Politics in the age of the web


TAGS: Politics, Society

Would the Donald Trump phenomenon exist were it not for the web and social media? The answer is no. The eccentric mogul would not have got even as far as competing for the Republican party’s presidential nomination.

The unfounded conspiracy theories to which he resorts, the falsification of actual facts and his constant about-turns on key issues would have knocked him out of the race long before that.

Nevertheless, a large part of American society is not interested in whether Trump is lying or not. These voters don’t care about what The New York Times or the large television networks report and would rather lap up every unfiltered and sensationalist piece of information they read online.

The US economy, for instance, has made an impressive recovery in the aftermath of the 2008 crisis, yet bone of Trump’s supporters believe this to be true.

The so-called “angry white voters” have found their voice in order to express their anger through social media networks. They are living in their own world and it’s very difficult for anyone who does not use conspiracy theories or raw, populist rhetoric, to communicate with them.

Trump will probably not get elected. The US’s demographic composition has changed and this favors Hillary Clinton. Even if Trump were to win the majority of “white” votes, he would still be unable to win the November election.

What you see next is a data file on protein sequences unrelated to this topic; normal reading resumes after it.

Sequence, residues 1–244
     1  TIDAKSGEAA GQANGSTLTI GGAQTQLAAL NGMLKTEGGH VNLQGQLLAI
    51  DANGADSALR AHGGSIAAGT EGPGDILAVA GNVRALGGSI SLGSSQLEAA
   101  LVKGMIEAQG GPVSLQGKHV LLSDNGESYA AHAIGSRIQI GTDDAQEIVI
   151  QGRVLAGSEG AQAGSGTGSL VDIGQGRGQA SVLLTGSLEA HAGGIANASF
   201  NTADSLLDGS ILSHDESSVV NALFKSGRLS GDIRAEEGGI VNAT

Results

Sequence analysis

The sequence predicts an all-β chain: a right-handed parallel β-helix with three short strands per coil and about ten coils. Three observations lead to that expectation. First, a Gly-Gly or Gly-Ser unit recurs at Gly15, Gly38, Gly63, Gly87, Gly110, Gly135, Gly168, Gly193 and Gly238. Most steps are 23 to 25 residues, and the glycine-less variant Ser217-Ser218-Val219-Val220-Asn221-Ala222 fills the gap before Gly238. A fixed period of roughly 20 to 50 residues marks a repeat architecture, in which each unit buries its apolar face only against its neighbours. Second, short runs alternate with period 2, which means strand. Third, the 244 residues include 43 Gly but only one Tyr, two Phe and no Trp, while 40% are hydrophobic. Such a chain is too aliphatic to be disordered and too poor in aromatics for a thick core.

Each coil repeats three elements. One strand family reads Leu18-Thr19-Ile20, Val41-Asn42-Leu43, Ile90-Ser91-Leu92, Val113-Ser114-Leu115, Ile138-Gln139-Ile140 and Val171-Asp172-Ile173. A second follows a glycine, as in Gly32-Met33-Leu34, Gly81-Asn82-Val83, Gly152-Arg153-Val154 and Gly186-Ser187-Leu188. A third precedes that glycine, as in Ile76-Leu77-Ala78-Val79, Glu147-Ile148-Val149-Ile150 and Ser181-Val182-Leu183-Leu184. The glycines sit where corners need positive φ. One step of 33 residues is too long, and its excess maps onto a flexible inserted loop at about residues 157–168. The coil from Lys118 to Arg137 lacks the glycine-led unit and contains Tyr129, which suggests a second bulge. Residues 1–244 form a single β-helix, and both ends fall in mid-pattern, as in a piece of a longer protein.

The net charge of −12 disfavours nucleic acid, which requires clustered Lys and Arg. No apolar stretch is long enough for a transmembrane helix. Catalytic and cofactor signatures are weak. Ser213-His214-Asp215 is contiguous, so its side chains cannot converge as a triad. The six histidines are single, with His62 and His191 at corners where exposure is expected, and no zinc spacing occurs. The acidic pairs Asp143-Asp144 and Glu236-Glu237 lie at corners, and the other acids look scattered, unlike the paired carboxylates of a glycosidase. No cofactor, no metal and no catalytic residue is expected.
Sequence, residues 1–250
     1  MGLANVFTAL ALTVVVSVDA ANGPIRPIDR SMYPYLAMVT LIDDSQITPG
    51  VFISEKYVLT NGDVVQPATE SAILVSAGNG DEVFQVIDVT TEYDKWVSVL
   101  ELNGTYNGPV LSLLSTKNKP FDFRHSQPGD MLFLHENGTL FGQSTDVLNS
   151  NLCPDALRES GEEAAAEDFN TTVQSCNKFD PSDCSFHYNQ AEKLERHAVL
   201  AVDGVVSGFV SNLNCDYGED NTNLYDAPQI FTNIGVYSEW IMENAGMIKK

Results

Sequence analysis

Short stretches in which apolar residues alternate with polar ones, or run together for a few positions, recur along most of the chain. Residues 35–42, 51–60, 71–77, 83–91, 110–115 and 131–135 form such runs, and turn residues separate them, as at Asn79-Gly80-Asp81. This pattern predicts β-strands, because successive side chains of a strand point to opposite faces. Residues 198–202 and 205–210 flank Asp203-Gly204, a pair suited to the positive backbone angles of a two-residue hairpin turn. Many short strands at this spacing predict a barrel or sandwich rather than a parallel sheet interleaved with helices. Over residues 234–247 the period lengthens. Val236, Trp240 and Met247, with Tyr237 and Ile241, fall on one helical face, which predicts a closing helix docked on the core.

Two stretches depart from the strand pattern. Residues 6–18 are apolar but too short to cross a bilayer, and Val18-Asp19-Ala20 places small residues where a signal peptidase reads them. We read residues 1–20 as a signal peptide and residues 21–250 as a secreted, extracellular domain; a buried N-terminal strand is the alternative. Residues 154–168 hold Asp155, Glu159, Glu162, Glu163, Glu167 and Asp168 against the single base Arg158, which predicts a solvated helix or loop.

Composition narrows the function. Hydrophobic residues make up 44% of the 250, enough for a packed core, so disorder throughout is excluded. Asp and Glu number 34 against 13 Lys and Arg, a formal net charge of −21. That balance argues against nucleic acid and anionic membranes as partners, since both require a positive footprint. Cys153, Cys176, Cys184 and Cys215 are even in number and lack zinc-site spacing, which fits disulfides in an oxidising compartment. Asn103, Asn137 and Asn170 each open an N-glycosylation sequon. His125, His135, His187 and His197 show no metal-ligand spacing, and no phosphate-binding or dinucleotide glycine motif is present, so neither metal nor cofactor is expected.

Yet the Trump phenomenon is here. Future historians will analyze the rise of anti-systemic political forces in Greece, Britain, France and elsewhere, as well as through the Internet, as a fact that upset the smooth course of history.

In Greece for instance, the crisis and the bailout coincided with a big boom in Internet use, which has played a pivotal role shaping public dialogue. What’s more, Greeks thrive on conspiracy theories and always like to believe that they know about something they believe certain people are hiding from the public.

History, of course, is not a field dedicated to one-dimensional interpretations. Indeed, the global anti-systemic tsunami has been reinforced because of major inequalities and a sense that the western middle class can no longer take its security and the prospect of improving its lot in life for granted.

We have entered a new chapter in global politics and if Trump is elected, the consequences will be enormous and far-reaching. But even if this doesn’t happen, we will go through a period of “Trumps” appearing – regularly and violently – in many western democracies.